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Auteur: Larisa AVRAM

Co-Auteur(s): Veronica TOMESCU, University of Bucharest, Romania

Romanian clitics and the Interface Hypothesis: The view from two Romanian-Hungarian simultaneous bilinguals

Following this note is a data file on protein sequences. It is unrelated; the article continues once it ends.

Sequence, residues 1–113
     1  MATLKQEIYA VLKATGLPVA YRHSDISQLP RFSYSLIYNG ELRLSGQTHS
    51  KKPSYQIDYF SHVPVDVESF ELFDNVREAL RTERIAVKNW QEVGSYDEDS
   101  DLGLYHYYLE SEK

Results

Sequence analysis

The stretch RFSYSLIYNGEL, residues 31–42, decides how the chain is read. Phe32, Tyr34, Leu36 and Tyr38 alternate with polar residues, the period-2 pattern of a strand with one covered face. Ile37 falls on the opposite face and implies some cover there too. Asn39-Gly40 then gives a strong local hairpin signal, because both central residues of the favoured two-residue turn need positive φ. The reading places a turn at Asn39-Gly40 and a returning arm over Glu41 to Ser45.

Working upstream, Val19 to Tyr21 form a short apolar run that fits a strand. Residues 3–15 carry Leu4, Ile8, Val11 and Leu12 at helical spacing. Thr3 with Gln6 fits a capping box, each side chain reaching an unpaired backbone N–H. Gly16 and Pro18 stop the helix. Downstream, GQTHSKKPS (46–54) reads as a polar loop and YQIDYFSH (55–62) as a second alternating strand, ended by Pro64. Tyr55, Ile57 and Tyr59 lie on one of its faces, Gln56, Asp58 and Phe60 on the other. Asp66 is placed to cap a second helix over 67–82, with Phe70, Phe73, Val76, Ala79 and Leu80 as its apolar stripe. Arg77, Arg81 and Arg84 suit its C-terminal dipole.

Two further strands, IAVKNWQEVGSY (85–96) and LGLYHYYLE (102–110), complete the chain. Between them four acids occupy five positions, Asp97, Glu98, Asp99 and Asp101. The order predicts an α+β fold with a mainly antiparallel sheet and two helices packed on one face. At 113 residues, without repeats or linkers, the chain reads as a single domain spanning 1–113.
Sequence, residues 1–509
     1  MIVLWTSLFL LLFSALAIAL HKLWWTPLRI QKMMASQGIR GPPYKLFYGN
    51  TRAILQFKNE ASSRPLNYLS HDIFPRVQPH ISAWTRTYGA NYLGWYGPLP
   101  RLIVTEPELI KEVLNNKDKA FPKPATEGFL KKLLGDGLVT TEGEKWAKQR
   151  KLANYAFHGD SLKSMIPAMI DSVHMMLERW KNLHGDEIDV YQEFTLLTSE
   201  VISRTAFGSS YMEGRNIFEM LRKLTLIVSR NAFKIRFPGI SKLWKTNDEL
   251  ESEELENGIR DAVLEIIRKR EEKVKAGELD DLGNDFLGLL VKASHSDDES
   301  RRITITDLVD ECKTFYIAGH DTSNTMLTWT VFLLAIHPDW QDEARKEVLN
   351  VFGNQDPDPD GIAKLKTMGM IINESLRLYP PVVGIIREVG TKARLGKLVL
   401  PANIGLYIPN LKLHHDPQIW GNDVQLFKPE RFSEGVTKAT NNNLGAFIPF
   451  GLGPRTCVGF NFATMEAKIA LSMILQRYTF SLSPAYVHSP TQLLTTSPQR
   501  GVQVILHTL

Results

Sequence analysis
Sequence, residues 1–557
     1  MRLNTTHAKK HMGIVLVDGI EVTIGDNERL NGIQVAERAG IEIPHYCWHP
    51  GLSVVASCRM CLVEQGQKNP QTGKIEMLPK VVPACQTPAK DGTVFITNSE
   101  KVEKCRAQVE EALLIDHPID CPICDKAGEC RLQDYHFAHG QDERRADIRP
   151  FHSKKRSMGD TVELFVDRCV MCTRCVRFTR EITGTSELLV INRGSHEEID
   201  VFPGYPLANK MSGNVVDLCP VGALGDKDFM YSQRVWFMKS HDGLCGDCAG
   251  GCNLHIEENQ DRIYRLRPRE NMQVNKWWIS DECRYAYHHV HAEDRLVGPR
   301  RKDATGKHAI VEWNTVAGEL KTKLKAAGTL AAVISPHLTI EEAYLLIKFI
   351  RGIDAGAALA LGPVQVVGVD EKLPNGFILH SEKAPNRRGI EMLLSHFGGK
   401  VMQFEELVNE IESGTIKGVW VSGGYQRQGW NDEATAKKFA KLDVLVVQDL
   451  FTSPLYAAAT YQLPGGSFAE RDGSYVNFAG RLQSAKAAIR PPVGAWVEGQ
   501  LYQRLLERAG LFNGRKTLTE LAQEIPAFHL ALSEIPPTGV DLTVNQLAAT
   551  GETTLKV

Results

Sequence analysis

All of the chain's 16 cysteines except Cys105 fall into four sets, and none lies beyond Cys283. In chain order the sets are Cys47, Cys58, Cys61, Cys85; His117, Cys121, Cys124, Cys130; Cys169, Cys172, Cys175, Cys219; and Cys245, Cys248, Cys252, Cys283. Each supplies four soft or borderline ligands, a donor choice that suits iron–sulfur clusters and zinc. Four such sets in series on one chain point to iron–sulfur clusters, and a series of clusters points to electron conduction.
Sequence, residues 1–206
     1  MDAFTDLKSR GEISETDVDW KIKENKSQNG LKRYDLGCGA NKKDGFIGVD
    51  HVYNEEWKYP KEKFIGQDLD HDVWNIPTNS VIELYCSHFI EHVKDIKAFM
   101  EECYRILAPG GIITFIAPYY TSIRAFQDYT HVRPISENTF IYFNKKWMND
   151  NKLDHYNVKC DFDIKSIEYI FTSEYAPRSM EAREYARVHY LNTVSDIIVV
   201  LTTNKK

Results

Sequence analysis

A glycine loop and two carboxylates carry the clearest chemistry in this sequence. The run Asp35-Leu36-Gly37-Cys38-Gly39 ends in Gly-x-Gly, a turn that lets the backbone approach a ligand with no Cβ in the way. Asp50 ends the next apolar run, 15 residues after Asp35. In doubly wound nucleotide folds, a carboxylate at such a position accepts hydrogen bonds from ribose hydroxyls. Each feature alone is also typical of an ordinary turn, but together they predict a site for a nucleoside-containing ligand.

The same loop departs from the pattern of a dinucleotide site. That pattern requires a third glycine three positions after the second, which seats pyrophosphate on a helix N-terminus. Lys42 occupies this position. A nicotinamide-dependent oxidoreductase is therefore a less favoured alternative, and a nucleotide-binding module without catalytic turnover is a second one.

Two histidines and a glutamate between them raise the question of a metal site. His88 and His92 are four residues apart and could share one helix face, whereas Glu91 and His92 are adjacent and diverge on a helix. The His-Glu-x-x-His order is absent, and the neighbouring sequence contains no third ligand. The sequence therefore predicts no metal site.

Abstract/Résumé: Recent studies addressing bilingual development have shown that narrow syntactic properties are acquired fully while interface phenomena are vulnerable; their properties may not be fully acquired (Sorace and Filiaci 2006). Our study investigates the acquisition of clitic doubling constructions (CDC) in Romanian by two Romanian-Hungarian simultaneous bilinguals, on the basis of two longitudinal corpora (T. 1;3 - 2;7, P. 1;6-2;8). Romanian ACs have been analysed as a syntactic phenomenon. According to the Interface Hypothesis (IH), in bilingual contexts they should be fully acquired. Hungarian, however, lacks ACs, which might result in delayed acquisition of these pronominals in Romanian. PE is a differential object marker (DOM) (Farkas and Heusinger 2003) whose use is determined by animacy and specificity. Its use in optional contexts has upgrading effects. The IH predicts that the acquisition of PE might be delayed. This prediction is reinforced by the fact that Hungarian is a DOM language as well, but in this case it is the morphology of the object (1st/2nd vs. 3rd person possessive suffix) which determines obligatory object marking (Kamper 2006). In this study the following questions are addressed:(i) are ACs acquired fully in simultaneous bilingual acquisition?; (ii) is the acquisition of ACs parallel to the acquisition of PE?; (iii) are the Romanian-Hungarian data consistent with the IH?; (iv) in what way and for how long does cross-linguistic influence affect interface phenomena? The data show that the developmental path of ACs in a Romanian-Hungarian bilingual context is similar to the one reported for monolingual Romanians (Avram and Coene 2004). The preposition PE, however, is overused, reflecting an early influence of Hungarian. Our results indicate that narrow syntax phenomena are acquired fully and can escape cross-linguistic influence. But interface phenomena are affected by cross-linguistic influence in those domains where there is a superficial similarity between the two languages.